Byte Order of multi byte values

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Stefan Schmelz

Jan 19, 2023, 3:59:43 AMJan 19

Hey everyone,
Do you guys know if I have to ensure Byte Order for multi byte values and larger integers?
I was working on a project that did parts of the encoding themselves, so Big-/Little endianness would be ensured. 

Now I am refactoring a fork of that library for myself and wanted to remove anything that is unnecessary. Encoding a 64bit integer as an array of 8 bytes is a little excessive, so I would like to remove it.

Nonetheless I still need to ensure that Linux, windows, Mac OS work on all hardware platforms. I did read the documentation as if capnp would ensure that everything will be encoded and decoded correctly on every platform. 

I'm improving on prior work, but try to eliminate some naive mistakes we made the first time. By now I have written a schema generator and a primitive schema registry. You can create global schema that are stored in a central location and symlinked into your source. The central directory can be converted to a git repo, so it can be shared. You can also generate local schema, that are stored in your sources.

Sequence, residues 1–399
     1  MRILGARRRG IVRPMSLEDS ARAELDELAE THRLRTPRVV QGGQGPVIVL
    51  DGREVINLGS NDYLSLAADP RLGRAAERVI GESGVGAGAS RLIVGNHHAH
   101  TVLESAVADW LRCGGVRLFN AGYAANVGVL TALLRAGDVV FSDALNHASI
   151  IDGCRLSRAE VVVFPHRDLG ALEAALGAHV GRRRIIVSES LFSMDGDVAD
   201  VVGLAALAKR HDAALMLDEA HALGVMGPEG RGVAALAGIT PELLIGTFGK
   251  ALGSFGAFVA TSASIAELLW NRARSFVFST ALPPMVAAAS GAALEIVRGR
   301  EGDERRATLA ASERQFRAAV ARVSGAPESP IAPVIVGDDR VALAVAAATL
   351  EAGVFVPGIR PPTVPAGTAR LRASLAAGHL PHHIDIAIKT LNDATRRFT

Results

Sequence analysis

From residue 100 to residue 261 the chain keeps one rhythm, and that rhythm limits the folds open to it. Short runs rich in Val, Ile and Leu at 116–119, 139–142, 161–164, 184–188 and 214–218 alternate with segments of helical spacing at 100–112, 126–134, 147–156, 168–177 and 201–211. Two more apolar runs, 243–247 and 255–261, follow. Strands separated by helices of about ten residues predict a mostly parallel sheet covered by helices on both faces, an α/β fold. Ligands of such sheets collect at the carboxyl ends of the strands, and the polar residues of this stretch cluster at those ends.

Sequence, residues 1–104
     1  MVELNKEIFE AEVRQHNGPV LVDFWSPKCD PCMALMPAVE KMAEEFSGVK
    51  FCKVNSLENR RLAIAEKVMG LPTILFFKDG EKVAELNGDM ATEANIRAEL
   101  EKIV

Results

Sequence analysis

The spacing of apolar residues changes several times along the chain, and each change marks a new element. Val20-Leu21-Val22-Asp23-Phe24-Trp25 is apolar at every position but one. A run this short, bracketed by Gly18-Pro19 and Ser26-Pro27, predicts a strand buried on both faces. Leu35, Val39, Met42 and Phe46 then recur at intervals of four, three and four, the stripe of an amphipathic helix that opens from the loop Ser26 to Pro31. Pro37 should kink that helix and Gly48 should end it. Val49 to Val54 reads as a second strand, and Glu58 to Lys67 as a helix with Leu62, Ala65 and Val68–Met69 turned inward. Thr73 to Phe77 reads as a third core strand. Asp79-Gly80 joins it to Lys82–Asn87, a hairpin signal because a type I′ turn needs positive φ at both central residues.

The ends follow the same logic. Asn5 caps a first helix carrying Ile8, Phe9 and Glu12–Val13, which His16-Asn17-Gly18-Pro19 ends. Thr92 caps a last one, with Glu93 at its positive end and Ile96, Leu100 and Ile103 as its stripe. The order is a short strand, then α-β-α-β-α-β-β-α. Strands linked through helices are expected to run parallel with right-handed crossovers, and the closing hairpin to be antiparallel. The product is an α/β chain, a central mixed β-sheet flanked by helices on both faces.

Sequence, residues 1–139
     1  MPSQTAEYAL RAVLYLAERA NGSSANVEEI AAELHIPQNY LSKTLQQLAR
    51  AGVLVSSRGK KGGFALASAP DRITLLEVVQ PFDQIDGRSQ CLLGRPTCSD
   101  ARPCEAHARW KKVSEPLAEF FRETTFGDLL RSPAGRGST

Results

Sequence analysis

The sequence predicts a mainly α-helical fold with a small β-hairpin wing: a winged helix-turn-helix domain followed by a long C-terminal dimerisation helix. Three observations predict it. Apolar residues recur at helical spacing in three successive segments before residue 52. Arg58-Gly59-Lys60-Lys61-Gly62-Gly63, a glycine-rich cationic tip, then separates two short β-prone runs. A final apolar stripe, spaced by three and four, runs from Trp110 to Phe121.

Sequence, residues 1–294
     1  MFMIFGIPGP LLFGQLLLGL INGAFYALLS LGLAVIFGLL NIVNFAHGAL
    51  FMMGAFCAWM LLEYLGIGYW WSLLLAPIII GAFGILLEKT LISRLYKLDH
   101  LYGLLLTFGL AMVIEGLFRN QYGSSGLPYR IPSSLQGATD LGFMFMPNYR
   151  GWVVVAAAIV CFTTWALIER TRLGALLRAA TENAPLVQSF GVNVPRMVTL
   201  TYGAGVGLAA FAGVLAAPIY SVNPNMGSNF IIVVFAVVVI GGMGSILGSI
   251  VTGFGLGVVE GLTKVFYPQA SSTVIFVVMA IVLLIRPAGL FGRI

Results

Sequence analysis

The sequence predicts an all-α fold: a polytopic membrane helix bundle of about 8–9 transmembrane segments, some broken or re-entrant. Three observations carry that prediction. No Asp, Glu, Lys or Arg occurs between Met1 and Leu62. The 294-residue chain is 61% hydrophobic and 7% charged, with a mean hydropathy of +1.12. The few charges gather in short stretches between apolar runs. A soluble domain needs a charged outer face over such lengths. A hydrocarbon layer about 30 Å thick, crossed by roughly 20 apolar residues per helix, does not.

The original project used python to generate wrapping C++ classes to automatically load from byte arrays and do some validation... At that time nothing like this was documented by Capnproto so we did everything ourselves. 

Kenton Varda

Jan 24, 2023, 2:01:20 PMJan 24
to Stefan Schmelz,
Hi Stefan,

Cap'n Proto automatically takes care of byte ordering. You do not need to worry about this.

Generally, all modern serialization libraries will take care of endianness automatically. The only time you need to worry about byte-swapping is if you are reading raw bytes from the wire and interpreting them as integers yourself, without the help of a serialization library like Cap'n Proto.

Note that Cap'n Proto uses little-endian encoding on the wire. Almost all processors in wide use these days are little-endian, so this issue hardly even comes up anymore. However, Cap'n Proto is designed to detect if it is running on a big-endian architecture and, if so, it'll swap the bytes automatically.


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